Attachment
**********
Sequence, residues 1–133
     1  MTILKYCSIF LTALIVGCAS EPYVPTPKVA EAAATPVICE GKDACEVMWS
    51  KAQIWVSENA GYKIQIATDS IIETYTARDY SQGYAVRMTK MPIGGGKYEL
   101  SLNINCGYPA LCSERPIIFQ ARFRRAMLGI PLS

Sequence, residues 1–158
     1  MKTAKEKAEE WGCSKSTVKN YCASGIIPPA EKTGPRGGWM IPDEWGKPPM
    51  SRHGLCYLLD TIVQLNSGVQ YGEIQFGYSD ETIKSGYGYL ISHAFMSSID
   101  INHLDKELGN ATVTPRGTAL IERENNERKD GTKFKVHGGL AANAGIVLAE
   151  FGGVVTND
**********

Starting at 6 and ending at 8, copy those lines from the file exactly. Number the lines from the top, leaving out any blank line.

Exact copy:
     1  MKTAKEKAEE WGCSKSTVKN YCASGIIPPA EKTGPRGGWM IPDEWGKPPM
    51  SRHGLCYLLD TIVQLNSGVQ YGEIQFGYSD ETIKSGYGYL ISHAFMSSID
   101  INHLDKELGN ATVTPRGTAL IERENNERKD GTKFKVHGGL AANAGIVLAE